All these factors mean that while Germany enjoys a vibrant and free press landscape, certain items are off limits:
One could, for example, call Donald Rumsfeld a lizard in jest, but calling him a lizard based on the claim that all persons of U.S. American heritage are lizards out to consume human flesh would be indictable, as that would constitute Volksverhetzung per Chapter 7 § 130 of the penal code.

Denying something that happened in the antique is permissible, as sources are not entirely verifiable. The events of the Third Reich however are not to be disputed, as the constitution hinges on preventing them from ever befalling the world again. We’ll get to how this is translated into the education system later.

Paragraph 3 states:

Art and science, research and teaching are free. The freedom of academic teaching does not release one from loyalty to the constitution.

Loyalty to the constitution does not mean a scientific complaint against the constitution may not be leveled. Teaching of course is bound by curriculum, which is set by the federal states.

In conclusion, this article, often misinterpreted, ensures public life and communication may develop in peace and bloom. Not only distribution of, but also access to information is protected.


Normally, the biggest issue with freedom of speech are lies told about someone. Yet in Germany it is not permissible to lie about something that happened. The state has a monopoly on what constitutes a falsehood, on what is true and what is not.

Adding to that, the state of independence of the regulatory bodies from the government is somewhat murky; the ranks of the Rundfunkrat are littered with party functionaries.

In practice only useless knuckleheads dispute events of the past that are provably true. The German state provides a sense of calm for the German people as they do not have to tolerate blatant and malicious lies and can prosecute neo-fascist Pied Pipers with solid legal standing.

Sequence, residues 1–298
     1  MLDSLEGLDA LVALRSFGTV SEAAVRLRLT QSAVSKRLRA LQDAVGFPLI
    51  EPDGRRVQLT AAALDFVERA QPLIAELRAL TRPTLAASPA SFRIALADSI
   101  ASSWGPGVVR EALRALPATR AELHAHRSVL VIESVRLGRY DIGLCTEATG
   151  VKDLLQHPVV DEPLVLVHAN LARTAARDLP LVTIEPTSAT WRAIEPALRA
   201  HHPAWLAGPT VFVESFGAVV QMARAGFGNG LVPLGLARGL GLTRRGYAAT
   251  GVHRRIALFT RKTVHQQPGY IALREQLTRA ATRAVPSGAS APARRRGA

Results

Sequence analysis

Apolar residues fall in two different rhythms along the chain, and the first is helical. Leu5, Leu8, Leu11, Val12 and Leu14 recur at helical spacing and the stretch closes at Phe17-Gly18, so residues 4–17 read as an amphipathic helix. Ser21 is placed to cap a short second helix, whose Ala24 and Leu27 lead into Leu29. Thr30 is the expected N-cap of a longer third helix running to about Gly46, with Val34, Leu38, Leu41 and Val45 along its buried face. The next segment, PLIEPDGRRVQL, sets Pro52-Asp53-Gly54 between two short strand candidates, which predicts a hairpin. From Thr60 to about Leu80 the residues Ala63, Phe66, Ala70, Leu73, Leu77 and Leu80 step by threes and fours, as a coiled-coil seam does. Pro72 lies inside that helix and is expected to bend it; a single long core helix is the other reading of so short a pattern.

But also instills a sense of unease. It just does not feel right. Having to fight for temporary injunctions against virulent degenerates as is practice in other countries, as laborious as it is, is preferable to codifying state power over the truth into law. The current state of affairs keeps people honest, at a cost, with mighty force, not persuasion.

Grundgesetz – Article 4: Freedom of Belief

Article 4 concerns freedom of religion and ideology.

It stipulates:

  1. Die Freiheit des Glaubens, des Gewissens und die Freiheit des religiösen und weltanschaulichen Bekenntnisses sind unverletzlich.
  2. Die ungestörte Religionsausübung wird gewährleistet.
  3. Niemand darf gegen sein Gewissen zum Kriegsdienst an der Waffe gezwungen werden. Das Nähere regelt ein Bundesgesetz.

Let us dissect and translate this article by paragraph.

Paragraph 1 states:

The freedom of faith, conscience, and the freedom of religious and ideological denomination are inviolable.

A very progressive and humble law, especially considering that it was ratified in 1949, which wasn’t exactly the swinging liberal sixties. The drafters, who must have been mostly of judeo-christian denomination, took even the fringes of society into their consideration. They could have relied on the implicit monopoly on power of their like-minded peers1, yet they put explicit clauses limiting that power into the law, including strong separation of church and state.

Paragraph 2 states:

The undisturbed practice of religion is being guaranteed.

Not only faith itself is being protected, but also practicing what one believes in. Erection of places of worship and the bounds of freedom of religion, including the extent to which one may force their child to observe a religious lifestyle are codified in subsequent articles.

Paragraph 3 states:

No one may be compelled to serve at arms against his conscience. A federal law governs the particulars.

This one is fairly obvious, given that a previous ban on German rearmament had failed. Prohibiting conscription is a simple deterrent. The case of a Spannungsfall or Verteidigungsfall is governed by another article.